How am I Going to Make this Year Better?
Making Better Use of Options and Being More Effective
The truly wonderful thing about a new year, if you are that way inclined, is the idea of a blank slate with which to start everything 'right'. I have always been an optimist, and for me the beginning of a new year is always a redefining moment. I spent a few hours this week metaphorically clearing out my desk – which for the digitally minded amongst us means our computers (although I also cleared out 4 desk drawers' worth of old notebooks and paperwork!) – and deciding to change a few things in the year ahead.
As we are all into sharing this first week back I thought I would share how I am planning to 'do things better'!
- Spend at least five minutes every morning unsubscribing from all the junk that finds its way into my email – that does not include the SSON newsletter (!) – But it does include the various nonsense that we inadvertently sign up for. I figure I'll make progress slowly but surely.
- Make better use of team meetings. We had just moved over to Uber conferences and I have to say that while I miss the video aspect, it really is easy to use and easy to invite others. We will save ourselves valuable hours a week without the familiar-to-all conference dance of, "who's online?", "can you resend the conference PIN to Sally”, and “it won’t let me join!”. Plus, the option of recording and sending that recording on to anyone who missed the meeting is fantastic.
- Set up a Council of experts, let them know you need them, and use them. Every year I plan to do this, but the idea always loses steam. We all face content or expertise challenges throughout the week, and being able to tap into a knowledgeable, informal resource is invaluable.
- Brainstorm with outsiders. I've learned about some of the most interesting ideas not by sitting in inhouse team meetings, but by listening to what other people do at other companies. Airline magazines are great for ideas! So is the Sunday newspaper. Thinking outside the box is refreshing.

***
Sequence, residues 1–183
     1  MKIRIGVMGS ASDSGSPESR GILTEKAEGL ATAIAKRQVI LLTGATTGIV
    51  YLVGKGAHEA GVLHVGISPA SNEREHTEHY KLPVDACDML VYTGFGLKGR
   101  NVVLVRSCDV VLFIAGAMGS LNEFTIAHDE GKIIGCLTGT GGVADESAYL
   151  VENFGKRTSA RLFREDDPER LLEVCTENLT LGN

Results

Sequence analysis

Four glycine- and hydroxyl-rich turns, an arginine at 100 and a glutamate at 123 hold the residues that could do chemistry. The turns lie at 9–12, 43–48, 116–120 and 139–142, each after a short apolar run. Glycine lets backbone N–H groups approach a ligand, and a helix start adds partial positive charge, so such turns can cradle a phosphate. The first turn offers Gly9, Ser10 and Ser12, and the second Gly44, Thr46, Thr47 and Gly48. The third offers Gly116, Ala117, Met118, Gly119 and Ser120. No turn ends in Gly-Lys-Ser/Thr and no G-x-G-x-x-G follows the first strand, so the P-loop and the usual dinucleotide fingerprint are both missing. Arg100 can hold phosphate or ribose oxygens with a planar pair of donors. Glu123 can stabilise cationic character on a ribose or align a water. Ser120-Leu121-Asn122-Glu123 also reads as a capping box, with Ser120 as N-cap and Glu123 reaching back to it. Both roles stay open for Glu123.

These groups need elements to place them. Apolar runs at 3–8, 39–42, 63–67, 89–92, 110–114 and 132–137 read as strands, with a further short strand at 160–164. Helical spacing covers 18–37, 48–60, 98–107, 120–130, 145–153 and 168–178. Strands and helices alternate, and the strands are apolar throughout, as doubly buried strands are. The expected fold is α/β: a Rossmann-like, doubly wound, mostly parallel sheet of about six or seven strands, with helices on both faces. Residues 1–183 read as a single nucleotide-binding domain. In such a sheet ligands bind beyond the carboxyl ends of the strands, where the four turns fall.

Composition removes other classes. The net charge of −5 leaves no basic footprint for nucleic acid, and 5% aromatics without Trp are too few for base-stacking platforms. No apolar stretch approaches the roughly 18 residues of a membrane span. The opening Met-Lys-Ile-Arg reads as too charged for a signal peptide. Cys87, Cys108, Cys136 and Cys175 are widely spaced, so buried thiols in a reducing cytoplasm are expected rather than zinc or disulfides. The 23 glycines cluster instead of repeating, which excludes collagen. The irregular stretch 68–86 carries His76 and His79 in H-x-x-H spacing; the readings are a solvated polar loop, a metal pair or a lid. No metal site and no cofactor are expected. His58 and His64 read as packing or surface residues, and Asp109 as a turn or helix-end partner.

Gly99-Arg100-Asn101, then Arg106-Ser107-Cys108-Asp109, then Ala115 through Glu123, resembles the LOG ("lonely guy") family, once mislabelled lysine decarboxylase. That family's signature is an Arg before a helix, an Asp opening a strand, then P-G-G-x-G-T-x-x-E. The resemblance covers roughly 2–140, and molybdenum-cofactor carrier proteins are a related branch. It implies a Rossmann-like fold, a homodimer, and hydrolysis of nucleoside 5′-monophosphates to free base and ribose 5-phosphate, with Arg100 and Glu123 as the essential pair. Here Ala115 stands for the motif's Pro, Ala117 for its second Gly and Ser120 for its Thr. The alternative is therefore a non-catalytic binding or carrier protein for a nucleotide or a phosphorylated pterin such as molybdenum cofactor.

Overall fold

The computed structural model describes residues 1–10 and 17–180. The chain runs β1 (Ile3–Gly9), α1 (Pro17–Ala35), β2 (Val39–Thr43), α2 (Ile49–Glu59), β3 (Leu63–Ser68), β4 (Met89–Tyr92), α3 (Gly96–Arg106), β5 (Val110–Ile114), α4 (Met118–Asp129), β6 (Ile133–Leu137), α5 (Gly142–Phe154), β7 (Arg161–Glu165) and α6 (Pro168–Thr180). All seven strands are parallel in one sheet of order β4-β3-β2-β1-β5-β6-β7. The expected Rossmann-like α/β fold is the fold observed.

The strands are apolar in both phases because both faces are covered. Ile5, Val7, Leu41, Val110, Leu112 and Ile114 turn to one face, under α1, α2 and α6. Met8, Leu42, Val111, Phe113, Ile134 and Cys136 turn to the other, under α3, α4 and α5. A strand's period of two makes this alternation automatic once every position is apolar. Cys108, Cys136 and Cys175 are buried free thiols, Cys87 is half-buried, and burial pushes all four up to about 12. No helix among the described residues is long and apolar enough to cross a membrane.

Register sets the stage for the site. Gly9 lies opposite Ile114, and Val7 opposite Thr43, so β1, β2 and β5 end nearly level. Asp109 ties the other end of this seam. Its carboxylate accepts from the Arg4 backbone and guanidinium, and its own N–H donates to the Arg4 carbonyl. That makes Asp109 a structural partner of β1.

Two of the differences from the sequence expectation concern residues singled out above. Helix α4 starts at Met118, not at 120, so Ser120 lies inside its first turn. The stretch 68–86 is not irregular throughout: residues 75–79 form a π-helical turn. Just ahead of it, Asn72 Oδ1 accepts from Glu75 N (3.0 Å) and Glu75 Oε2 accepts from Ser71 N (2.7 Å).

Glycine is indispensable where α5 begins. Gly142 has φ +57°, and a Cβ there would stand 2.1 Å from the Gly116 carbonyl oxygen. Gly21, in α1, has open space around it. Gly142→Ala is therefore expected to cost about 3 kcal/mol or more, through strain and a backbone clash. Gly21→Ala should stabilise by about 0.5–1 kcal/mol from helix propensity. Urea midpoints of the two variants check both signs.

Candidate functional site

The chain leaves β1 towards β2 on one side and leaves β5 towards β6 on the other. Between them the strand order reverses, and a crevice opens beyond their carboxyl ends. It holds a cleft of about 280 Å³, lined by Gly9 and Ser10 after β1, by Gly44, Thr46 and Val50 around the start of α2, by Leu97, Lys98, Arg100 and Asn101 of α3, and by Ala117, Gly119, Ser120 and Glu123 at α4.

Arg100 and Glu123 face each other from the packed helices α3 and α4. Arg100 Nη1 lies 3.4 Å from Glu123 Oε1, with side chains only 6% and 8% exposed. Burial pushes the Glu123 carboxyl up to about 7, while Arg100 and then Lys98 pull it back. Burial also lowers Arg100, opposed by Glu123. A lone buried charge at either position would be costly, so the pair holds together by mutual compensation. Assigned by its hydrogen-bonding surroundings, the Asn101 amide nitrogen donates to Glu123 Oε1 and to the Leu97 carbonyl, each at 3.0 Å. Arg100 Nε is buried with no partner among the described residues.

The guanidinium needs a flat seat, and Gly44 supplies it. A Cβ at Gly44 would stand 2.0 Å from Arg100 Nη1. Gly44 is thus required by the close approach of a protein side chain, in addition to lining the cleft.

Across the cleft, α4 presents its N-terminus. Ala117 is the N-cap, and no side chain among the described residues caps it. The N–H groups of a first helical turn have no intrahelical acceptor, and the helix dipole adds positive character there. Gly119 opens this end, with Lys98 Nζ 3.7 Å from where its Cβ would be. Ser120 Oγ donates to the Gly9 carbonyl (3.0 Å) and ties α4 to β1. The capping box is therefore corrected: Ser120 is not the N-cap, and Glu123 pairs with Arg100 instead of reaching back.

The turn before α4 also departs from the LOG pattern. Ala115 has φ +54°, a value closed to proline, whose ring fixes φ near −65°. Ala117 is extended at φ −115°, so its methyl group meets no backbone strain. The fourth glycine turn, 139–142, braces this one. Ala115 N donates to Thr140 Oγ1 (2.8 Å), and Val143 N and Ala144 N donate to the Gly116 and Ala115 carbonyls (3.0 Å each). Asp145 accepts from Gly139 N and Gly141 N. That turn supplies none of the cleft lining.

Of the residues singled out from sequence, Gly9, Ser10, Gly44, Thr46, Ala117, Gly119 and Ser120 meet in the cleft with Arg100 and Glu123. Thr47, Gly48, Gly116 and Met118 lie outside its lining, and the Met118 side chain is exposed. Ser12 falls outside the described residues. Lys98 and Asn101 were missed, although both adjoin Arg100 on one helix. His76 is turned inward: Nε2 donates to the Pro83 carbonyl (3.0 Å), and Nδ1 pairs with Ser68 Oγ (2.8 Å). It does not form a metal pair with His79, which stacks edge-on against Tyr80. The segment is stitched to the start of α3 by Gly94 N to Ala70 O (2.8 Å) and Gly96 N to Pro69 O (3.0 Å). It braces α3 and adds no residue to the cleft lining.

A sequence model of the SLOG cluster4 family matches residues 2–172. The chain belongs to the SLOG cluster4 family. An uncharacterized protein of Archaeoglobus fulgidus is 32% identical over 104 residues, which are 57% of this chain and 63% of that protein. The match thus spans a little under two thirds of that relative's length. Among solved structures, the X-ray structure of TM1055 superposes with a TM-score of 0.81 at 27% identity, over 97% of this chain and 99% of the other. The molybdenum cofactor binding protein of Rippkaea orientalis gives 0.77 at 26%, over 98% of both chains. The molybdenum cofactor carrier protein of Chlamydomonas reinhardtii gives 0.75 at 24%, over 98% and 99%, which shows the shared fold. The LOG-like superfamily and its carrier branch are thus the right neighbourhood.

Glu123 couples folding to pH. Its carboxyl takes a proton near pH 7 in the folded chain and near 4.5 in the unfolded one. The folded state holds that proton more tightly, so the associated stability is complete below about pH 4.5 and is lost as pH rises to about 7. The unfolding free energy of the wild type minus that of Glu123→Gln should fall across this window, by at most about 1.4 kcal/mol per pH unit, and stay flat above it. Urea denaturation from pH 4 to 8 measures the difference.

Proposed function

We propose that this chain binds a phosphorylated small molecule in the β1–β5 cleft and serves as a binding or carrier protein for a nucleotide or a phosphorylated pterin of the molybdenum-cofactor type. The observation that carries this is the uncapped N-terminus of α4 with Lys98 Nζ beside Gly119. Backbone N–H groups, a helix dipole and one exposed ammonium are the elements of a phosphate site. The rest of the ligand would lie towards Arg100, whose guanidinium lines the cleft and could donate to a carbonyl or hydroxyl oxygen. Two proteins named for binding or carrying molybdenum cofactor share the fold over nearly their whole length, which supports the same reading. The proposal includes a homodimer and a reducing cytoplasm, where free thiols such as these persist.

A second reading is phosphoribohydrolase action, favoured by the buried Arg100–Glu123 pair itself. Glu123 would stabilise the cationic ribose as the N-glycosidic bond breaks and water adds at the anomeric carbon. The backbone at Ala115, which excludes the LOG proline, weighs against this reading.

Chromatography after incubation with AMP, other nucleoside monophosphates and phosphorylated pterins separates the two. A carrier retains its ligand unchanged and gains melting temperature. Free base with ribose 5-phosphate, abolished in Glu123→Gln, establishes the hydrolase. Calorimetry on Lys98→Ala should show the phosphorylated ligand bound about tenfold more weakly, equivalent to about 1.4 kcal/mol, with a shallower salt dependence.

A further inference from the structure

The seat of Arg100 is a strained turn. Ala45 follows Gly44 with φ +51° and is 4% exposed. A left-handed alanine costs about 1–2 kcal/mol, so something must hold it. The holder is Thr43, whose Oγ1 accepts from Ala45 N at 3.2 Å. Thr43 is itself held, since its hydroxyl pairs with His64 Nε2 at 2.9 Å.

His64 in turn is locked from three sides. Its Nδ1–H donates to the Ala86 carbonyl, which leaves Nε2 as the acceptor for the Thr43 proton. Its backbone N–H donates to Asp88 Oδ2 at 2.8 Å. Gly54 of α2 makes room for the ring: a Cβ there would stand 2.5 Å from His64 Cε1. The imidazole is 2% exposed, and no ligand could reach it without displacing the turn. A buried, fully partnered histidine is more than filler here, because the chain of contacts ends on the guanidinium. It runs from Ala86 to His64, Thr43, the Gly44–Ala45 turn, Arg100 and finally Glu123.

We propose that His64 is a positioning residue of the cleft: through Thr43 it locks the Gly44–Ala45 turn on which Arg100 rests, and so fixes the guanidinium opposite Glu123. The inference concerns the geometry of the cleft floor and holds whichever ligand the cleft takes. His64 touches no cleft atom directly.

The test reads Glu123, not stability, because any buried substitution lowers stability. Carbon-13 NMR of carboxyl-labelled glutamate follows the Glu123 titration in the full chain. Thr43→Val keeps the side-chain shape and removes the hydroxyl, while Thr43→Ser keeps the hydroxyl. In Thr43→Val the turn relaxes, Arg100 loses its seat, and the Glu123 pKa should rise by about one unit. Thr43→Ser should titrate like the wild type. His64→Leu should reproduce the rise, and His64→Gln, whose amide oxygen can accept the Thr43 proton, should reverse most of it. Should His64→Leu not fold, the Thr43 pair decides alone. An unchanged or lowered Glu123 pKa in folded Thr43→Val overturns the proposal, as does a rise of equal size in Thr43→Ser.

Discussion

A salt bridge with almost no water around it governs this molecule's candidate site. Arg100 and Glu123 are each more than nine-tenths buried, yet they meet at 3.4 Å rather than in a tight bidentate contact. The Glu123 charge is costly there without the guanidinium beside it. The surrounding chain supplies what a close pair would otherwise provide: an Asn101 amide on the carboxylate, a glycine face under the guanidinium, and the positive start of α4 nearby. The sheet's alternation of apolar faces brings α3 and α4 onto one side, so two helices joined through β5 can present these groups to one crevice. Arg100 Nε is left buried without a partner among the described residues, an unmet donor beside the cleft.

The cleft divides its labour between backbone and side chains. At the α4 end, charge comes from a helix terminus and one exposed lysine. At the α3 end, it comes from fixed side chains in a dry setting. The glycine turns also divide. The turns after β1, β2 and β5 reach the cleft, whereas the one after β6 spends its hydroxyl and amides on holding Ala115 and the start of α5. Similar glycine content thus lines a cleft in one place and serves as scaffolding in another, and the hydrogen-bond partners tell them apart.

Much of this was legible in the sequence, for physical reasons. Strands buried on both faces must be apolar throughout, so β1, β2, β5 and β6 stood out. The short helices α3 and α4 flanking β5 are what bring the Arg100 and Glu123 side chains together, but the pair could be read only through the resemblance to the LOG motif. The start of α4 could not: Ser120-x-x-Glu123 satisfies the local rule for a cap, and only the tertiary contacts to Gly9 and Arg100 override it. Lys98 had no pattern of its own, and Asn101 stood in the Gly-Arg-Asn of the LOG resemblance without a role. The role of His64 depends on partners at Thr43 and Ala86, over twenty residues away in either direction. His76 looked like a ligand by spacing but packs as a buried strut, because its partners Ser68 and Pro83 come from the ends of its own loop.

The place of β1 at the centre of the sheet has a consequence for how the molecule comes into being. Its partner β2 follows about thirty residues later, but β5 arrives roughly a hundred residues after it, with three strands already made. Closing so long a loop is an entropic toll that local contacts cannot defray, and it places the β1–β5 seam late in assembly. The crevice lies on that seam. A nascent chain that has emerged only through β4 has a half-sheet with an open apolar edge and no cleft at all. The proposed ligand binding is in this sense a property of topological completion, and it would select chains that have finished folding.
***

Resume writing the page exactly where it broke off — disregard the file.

- More and better networking. I’ve set up one hour, three times a week, to spend on LinkedIn: reading the things I normally skim; commenting; adding relevant tags and links; connecting with more interesting people; initiating a few random discussions. These connections are everything to me in my job – but their value extends into any aspect of work.
- Adding personality. I think it's safe to say we have left the cult of business language well and truly behind. Today, it's more acceptable – and enjoyable – to read personal opinions and recognize personality than it was in the past. Twitter is great for this – I love reading about people’s sailing exploits alongside their operational tips! And I have noticed that I tend to click more on tweets from people who I know combine both. It's a smart way to differentiate who YOU are.
- Try new things – for me, specifically, that means recipes. I subscribe to the New York Times food section and my favorite email every Friday is “What to cook this weekend". It's kind of like outsourcing the planning to an expert, and all I have to do is implement. (I've also started getting my groceries delivered via Instacart.)
- Put my money where my mouth is: in robotics. Obviously I am not a stockbroker and in no way am I offering advice – but there is something to be said for an ETF on Global X Robotics and AI that looks like this, right?
- Finally get involved with a local organization that 'does good,' not just talk about it.
- On a more personal note, prepare for changes that are coming. We all hate surprises and unexpected events. I think the trick is probably to take better notice of signs, and manage expectations. I say that thinking of my dog. He's 15, and has spent most of his life being a passive assistant editor, lying next to my desk. He's currently not doing so well and I fear is on his way to a better place. Preparation is everything.
I wish everyone within the extended Shared Services and Outsourcing Network’s global ‘family’ the very best for 2018. As always, we are here for you – just drop me an email if we can help you with a particular challenge.
Barbara Hodge, Editor